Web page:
Each month, we’ll follow Ward member, Cindy Ziemba, on her adventures around the volunteer globe. Did you know there are over 100 unique roles filled by volunteers each month? Cindy will share the good, the surprising, the challenging…the authentic experience behind a wide range of volunteer roles at Ward Church, all serving to connect people to God!
Many powerful ministries have grown from suffering. As Pastor Scott recently shared in his sermon (4/28), followers of Christ were those who changed society attitudes and began orphanages, hospitals, relief assistance, and encouraged education for all.
That kind of compassion was also the seed for Ward’s shuttle ministry. For years, members with mobility issues struggled to make it into our large church building, and once inside, were discouraged to traverse it. The shuttle ministry started with a golf cart and the desire to serve a group of people who didn’t want handicaps to keep them from attending worship.
My vague impression of the shuttle service was that it was a bit like an Uber – that those who need a ride could flag the cart down and get a lift to and from their cars. My first “aha” moment watching the shuttle service came a few years ago when one of our younger drivers was asking his rider about their golf game. It was apparent that some connections and conversations were happening under the roof of the cart.
Still, I was not prepared for the very personal attention and sweet relationships which have been built through the shuttle ministry. I spent a Sunday on a cart with driver Dale, and under the direction of Kim, the fourth week leader. Kim functioned as ‘spotter,’ watching for shuttle riders to arrive in the designated lot north of the church. She recognized the cars as they pulled in and called for drivers, who would scurry out the doors to meet riders at their cars.
Kim showed me a chart she regularly updates with rider names, details, and where they need to be shuttled in the church building. This ministry serves faithful, weekly attenders, many who have been members of Ward for many years. She told of some connections that have been built across generations between drivers and riders, and of time some have spent together outside of Ward.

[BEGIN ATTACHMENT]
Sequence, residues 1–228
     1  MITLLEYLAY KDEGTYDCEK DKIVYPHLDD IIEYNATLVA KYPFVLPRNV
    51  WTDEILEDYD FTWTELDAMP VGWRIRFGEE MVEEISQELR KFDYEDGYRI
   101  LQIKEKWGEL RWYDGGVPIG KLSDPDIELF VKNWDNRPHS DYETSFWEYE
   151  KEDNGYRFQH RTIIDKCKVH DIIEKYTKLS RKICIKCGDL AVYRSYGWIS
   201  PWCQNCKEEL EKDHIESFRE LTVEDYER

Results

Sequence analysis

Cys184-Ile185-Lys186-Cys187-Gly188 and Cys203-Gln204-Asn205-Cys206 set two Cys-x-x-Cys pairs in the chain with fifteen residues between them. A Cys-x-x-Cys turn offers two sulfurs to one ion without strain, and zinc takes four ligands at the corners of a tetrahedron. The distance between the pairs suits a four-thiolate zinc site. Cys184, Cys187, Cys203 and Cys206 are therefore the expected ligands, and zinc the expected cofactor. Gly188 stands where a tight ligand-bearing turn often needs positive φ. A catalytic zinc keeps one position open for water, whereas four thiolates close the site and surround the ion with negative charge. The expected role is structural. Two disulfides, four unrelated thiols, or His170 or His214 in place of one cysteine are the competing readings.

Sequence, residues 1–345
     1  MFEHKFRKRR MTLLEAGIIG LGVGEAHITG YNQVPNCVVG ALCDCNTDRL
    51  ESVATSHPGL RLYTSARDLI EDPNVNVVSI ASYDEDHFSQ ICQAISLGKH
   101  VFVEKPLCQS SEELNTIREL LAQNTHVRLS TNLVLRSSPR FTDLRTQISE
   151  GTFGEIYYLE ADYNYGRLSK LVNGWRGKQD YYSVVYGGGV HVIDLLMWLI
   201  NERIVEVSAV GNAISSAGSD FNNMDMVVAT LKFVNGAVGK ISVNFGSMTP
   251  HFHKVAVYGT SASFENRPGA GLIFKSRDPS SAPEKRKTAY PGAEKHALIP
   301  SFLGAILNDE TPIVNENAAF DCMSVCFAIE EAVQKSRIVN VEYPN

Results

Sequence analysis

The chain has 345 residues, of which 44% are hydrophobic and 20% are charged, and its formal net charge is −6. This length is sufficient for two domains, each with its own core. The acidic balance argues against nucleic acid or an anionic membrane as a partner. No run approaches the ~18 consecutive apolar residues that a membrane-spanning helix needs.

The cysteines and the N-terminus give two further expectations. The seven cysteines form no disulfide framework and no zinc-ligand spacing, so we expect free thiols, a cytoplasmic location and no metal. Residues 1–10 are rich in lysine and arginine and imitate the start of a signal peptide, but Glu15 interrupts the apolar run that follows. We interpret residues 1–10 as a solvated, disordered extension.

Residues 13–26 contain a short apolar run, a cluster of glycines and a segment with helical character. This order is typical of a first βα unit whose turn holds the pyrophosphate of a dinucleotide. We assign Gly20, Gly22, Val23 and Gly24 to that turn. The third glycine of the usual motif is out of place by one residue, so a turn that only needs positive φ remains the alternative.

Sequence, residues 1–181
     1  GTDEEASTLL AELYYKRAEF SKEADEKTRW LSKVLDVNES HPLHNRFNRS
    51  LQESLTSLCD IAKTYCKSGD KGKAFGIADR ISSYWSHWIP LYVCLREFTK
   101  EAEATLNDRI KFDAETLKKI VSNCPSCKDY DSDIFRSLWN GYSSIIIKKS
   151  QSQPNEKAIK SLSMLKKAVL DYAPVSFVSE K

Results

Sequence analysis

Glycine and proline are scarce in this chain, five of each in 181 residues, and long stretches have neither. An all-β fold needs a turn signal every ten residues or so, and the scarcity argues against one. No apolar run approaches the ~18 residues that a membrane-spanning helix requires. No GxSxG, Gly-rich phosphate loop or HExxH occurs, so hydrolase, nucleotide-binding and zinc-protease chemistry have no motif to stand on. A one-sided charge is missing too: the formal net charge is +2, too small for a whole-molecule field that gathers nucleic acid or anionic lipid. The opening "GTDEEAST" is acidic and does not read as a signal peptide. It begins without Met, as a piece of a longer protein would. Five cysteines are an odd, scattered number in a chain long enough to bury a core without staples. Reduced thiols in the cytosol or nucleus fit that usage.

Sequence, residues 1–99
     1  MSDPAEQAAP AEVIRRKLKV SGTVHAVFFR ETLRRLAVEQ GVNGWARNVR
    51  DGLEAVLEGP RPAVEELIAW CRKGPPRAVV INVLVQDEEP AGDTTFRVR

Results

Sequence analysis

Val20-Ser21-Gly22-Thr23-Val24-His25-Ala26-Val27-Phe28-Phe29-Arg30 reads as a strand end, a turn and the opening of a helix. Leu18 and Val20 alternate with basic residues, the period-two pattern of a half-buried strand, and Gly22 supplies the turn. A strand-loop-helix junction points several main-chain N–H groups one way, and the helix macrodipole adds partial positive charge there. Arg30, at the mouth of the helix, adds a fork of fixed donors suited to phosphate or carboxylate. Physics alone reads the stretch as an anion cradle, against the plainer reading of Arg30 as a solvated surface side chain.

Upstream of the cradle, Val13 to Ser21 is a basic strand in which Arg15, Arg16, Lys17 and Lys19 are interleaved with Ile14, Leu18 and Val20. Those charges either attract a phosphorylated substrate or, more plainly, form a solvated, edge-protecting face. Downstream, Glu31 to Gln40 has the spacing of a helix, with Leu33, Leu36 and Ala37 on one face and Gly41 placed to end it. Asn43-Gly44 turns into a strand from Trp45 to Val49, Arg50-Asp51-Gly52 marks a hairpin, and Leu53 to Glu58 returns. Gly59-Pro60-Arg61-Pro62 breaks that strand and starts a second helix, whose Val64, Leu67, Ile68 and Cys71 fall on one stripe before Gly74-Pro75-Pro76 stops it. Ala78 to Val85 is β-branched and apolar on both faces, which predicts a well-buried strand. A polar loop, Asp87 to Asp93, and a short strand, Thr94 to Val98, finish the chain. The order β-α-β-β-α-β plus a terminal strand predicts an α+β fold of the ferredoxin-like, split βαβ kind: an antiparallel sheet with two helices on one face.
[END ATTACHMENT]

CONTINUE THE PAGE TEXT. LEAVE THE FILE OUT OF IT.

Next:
Riding on the cart was fun. As Kim expressed, it was an honor to help in a small way those who have given significant amounts of time and service to Ward over their lifetimes. Dale’s gregarious energy kept conversation lively. Many who rode our cart were those who have been models to me of faithful walks with Christ. Kim says one of the great benefits to volunteering with the shuttle is getting to know the generation ahead of her – that what they lack in physical strength is more than made up for by seeing how they depend on God to guide them through their daily challenges of life as senior adults.
Shuttle drivers and spotters are on duty one Sunday a month, from 9:00 a.m. – 12:15 p.m. or so, but most of the activity is before/ after services, so we had time to attend an 11:00 a.m. service, slipping in just after it started and slipping out just as it ended.
The personal attention continued after service. Drivers seemed to know where to find their riders. The team was committed to waiting and checking to see that every person was cared for before shutting down. “Has anyone seen C?” “I see G. down the hallway. Don’t put the cart away yet.” The team didn’t need to look at a list to remember each shuttle rider, and knew exactly which car (in fact, even which side of the car) to deliver them.
The shuttle driver team is fairly robust, but more spotters are needed, and most ministries need subs from time to time. Interested in shuttle ministry? Contact email@example.com.
Questions for Cindy about finding your spot on one of the many serve teams? Contact her at firstname.lastname@example.org.